Camus in a Nutshell: God is Not Good, Nature is Not Good, and We are More Moral Than God or Nature

God didn’t prevent the Holocaust, but we would have. And God didn’t prevent the 2004 Christmas tsunami that killed over 100,000 people, but we would have. And Nature doesn’t care if death is the engine of evolution, but we do.

So we’re much, much better–more kind, purposeful, and sensitive–than either God or Nature, and our relationship to these larger entities is therefore absurd. They do not answer to our kindness, purposefulness, desires, or sensitivities.

Here’s Albert Camus from The Myth of Sisyphus (1942): “I derive from the absurd three consequences: my revolt, my freedom, and my passion. By the sheer activity of consciousness, I transform in a rule of life what was an invitation to death—and I refuse suicide.”

In other words, Camus is saying that an unblinkered encounter with the universe–its indifference toward us, its apparent lack of purpose, and the suffering and death in it–leads us to the conclusion that we are in an absurd situation (neither God nor our environment answers to our longings). Yet this needn’t be an invitation to suicide. In such a situation, we can still lead a vital and moral life. It is our refusal of the absurd–and our outrage against it–that can affirm and energize a human existence: one of rebellion, freedom, passionate caring about our projects, and solidarity with others.

These are the qualities lacking in God and Nature, but present to us in experience.

So once you confront your fate directly–that you are a being toward death (Heidegger) in a cosmos that doesn’t care; that Nature is not ultimately holistic and purposeful in any meaningful sense; that God is dead, hiding, indifferent, or evil–and pass through the nihilism and dark night of the soul that accompanies this confrontation, then there is still the possibility for you to make a meaningful life. It can be private or public; it can be focused on aesthetic projects or others, but it can have value. It is possible.

How so? Look in the mirror. The meaning that you’ve been searching for can be found right there in front of you. You’re it. Meaning needn’t reside in religion or imagining yourself as one with the cosmos, but in you, in me, in other people. That meaning can be present because you can imagine it as present; because you are present.

So in our collective outrage at suffering being met with indifference by God and Nature, we can meet suffering with a compassionate imagination. Since nobody else—and nothing else—will value us, we can value each other and ourselves. If God and Nature will not speak, we will speak. The value of human life can come exclusively from us, and we can feel empathy for those who are in the same bad situation that we are in (again, as a being unto death). In Camus’ novel, The Plague, for instance, the heroic Dr. Rieux, though an atheist, doesn’t flee the plague city, or commit suicide in despair, but values the sick and distressed, and stays with them. That’s part of the rebellion of human consciousness against an indifferent universe: our affirmation of the value of others to us. We are the last court of appeal. Against a vast cosmos that doesn’t care and a God who is dead, we can care and live–and give.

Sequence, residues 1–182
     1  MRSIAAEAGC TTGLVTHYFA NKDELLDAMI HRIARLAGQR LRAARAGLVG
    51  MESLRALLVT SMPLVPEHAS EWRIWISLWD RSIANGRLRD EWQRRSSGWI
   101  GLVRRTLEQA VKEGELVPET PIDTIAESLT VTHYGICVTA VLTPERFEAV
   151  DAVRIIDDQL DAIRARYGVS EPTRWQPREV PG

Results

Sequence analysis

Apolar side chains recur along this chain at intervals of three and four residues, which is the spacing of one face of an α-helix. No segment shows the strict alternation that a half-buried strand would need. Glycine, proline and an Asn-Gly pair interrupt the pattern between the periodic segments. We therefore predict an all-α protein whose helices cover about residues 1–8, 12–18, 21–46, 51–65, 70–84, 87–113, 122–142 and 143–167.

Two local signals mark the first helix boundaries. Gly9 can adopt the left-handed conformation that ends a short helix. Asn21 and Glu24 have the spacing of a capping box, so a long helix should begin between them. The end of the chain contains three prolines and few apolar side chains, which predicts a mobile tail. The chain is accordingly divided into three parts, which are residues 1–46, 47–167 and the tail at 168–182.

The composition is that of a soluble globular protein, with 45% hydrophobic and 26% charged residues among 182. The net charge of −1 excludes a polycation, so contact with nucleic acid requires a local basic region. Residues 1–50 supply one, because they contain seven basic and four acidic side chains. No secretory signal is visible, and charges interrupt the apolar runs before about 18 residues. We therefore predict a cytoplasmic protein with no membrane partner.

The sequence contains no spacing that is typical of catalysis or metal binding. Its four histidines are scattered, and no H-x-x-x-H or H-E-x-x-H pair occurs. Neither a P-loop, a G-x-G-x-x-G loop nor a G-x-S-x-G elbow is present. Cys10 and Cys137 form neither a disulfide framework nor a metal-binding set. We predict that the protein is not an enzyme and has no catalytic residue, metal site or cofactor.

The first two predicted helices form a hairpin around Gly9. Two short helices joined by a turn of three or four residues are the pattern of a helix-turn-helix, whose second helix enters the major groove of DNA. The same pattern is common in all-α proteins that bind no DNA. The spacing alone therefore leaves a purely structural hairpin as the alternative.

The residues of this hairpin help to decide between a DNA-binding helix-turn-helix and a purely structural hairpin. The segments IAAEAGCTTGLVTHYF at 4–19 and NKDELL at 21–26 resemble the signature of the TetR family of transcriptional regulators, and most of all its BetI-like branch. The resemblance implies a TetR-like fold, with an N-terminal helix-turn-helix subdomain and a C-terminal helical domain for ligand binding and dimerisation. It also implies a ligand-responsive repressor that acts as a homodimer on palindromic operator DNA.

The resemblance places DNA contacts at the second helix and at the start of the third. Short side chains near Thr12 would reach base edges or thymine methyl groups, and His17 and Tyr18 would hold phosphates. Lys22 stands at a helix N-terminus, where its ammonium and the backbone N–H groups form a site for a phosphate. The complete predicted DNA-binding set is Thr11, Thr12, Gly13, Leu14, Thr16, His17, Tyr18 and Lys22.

As Camus wrote in “L’homme révolté”: “The solidarity of humanity is based on the revolt, and the justification of the revolt is man’s solidarity with others.” In other words, human connection and solidarity are justified by our revolt against the absurd. No one else, and nothing else, justifies it—or needs to justify it.

Camus’s atheism thus constitutes a robust and moral humanism grounded in outrage at the absurd nature of our private and collective experiences. We don’t need God or environmental holism for meaning, we need only the absurd existence we know; the existence of our evolved, contingent, and pitiful primate selves.

So we are (in Emily Dickinson’s phrase) kangaroos among the beauty—contingently evolved oddities—and in our contingent oddity, we can value ourselves individually and collectively, and extend to one another love, mutual understanding, and solidarity.

But our moral vision does not hold together in a single vision. That’s part of the absurdity of our situation, and a key to our rebellion. If God existed and was talking, or we could read our morals off of Nature (which David Hume told us is not really possible: no is makes an ought), then we would have an external hierarchy of values to point to as to what we should do (as Moses pointed the children of Israel to the Ten Commandments).

But we don’t have Moses’ luxury. In the 21st century, that’s not the way it is for us. God and Nature don’t speak, we speak. And yet we are constantly confronted with competing goods, not straightforward verdicts that we can draw between good and evil. No one can tell us what to do, or how, Solomon-like, we should split our “babies” (the things we value).

Human dilemmas of choice between competing goods are part of the absurdity of our existential situation, and are explored in tragic literature, such as in Sophocles’ Antigone. Antigone has to make difficult choices between her family and the demands of the state. Likewise (also in Antigone), King Creon has to make difficult choices between law and mercy.

The dilemmas of competing goods are also explored in the writings of philosophers like Isaiah Berlin and Richard Rorty.

So this is our human condition: to be sensitive beings in a world where God is not talking and the environment we’re embedded in is not meaningfully holistic. Nature really is red in tooth and claw, and things fall apart. The center does not hold because there is no center.

And this means we’re free. Free to choose from among competing human goods; free to cut the deck of definition and value exactly as we please. Free to decide what’s going to be important to us, and what’s not. A decidedly mixed blessing. And Camus in a nutshell.

About Santi Tafarella